Heavytothebone2: As a guitarist, what does this band allow you to do that you can’t do with The Heavils?

It’s kind of the same writing process. I write the songs and I bring them to jam. With The Heavils, me and Brian would compete for space on the CD. With two guitar players in the band, you both can’t be going off and going crazy. With this one, I had a little more space and a little bit more time to think about my parts. Being the only guitar player, having full control of what you do is definitely part of the fun.

Heavytothebone2: The band goes from furious hardcore to ambient noise, sometimes in the course of one song. Is there any challenge for you in going from one style to the next or does it come naturally?

No, that definitely comes naturally. I’m really into jam-oriented bands, like Clutch and some of the hippie bands as they call it, Moe, I’m a really big fan of those guys. Seeing some of these jam-bands live and the way like Clutch or other bands, it’s organic. It just comes out how they do it. It’s easy for us because we’re all on the same page now. It took a little while, but I think everybody is in the same mindset of a little bit of space rock, some heavy stuff. My cousin, the drummer Johnny, came from the band Waco Jesus, and they’re a death/grind band. For him to come from that into something like this, for him, it was a little scary. But yeah, it works.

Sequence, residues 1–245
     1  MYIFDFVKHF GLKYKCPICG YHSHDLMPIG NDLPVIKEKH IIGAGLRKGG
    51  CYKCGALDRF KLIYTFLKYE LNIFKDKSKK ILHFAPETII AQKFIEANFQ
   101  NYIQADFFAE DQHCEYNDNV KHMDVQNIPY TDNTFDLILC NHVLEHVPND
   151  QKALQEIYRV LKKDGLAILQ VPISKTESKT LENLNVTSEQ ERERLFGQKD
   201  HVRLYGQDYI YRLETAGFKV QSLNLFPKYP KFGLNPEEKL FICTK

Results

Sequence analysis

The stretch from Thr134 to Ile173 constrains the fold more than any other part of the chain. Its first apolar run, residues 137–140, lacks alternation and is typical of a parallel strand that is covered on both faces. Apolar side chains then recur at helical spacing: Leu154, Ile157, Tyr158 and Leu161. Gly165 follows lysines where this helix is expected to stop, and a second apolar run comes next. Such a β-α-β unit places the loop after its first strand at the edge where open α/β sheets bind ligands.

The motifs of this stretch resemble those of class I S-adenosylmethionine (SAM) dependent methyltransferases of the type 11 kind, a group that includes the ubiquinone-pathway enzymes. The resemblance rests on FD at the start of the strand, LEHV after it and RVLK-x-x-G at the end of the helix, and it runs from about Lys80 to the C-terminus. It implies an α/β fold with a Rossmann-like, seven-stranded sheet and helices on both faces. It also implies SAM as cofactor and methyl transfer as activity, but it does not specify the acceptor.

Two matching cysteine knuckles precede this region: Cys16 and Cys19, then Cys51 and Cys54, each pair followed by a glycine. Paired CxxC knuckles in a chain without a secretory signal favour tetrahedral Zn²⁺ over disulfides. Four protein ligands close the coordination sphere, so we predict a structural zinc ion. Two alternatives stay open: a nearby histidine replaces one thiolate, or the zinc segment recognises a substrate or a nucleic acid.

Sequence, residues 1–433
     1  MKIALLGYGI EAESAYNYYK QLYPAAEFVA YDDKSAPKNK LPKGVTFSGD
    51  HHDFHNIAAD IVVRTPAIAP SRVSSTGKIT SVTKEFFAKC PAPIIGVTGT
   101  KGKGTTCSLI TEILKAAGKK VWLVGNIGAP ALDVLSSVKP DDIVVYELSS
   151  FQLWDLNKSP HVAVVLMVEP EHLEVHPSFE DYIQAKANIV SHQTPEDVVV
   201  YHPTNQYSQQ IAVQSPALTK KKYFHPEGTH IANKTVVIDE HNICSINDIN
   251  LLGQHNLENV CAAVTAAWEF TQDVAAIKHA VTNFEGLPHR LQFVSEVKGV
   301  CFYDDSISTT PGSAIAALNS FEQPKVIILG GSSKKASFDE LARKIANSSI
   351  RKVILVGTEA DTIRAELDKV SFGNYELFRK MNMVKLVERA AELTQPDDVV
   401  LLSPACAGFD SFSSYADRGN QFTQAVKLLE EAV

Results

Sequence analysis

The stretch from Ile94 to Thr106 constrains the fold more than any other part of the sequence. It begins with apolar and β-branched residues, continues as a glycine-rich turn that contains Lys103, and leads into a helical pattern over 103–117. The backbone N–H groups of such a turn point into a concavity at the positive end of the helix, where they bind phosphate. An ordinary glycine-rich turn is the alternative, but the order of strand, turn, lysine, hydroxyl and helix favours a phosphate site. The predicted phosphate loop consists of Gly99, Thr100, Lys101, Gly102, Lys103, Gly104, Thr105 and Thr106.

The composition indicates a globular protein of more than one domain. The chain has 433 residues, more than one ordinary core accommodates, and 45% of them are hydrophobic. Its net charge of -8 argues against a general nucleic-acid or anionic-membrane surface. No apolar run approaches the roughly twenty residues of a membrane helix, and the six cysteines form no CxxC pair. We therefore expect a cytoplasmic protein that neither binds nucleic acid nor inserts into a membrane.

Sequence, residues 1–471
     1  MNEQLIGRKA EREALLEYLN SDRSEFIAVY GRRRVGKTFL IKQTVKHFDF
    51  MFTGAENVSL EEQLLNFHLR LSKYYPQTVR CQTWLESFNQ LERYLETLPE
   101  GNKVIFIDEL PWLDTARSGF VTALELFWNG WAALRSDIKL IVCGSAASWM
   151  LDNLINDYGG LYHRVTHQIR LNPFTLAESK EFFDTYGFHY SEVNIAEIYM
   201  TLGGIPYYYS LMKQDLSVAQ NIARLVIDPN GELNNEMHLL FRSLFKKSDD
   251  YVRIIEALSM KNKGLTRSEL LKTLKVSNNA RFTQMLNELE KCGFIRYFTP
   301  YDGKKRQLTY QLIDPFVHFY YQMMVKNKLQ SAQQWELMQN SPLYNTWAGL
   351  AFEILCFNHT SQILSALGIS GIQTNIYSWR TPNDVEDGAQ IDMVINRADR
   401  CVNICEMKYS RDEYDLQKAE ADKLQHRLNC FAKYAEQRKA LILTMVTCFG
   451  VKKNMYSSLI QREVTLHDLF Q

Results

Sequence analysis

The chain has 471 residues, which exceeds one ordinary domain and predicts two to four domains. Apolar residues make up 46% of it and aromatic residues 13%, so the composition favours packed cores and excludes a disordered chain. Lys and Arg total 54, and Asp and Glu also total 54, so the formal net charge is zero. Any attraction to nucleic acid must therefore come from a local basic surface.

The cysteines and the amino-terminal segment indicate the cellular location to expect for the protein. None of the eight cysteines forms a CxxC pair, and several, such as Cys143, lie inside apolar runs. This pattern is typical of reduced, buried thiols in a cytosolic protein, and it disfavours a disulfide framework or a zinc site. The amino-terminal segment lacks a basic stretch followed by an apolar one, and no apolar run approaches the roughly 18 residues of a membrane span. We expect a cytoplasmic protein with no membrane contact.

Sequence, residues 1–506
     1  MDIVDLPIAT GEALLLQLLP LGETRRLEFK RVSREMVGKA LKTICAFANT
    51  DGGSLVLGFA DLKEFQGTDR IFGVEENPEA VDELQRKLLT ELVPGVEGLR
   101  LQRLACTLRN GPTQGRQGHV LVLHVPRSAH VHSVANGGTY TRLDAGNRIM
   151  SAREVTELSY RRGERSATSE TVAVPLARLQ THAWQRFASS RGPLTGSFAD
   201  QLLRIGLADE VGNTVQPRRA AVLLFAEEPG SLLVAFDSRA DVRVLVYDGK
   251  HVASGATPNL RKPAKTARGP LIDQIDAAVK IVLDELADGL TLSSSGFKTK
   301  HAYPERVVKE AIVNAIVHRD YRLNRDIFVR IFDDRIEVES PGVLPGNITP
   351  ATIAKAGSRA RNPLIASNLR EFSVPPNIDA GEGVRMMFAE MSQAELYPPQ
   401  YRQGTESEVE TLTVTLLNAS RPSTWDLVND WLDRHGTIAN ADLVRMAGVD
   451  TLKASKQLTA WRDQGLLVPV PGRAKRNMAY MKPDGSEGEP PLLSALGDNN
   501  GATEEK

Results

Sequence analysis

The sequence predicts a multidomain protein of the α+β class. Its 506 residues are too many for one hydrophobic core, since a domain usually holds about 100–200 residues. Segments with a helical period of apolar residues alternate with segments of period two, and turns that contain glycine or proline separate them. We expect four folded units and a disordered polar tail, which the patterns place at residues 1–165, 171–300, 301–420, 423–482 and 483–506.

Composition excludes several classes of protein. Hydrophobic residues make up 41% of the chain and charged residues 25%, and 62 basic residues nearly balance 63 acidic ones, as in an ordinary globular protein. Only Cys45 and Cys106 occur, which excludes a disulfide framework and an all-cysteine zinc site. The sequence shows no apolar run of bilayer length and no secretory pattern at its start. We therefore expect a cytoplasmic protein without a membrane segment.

Heavytothebone2: Is there one particular track that you are most proud of?

I really like the song “Ocean Electric” a lot. It’s one of my favorites playing it live and just hearing it recorded. It’s just one of those songs that came out great on the CD, lyrically and musically.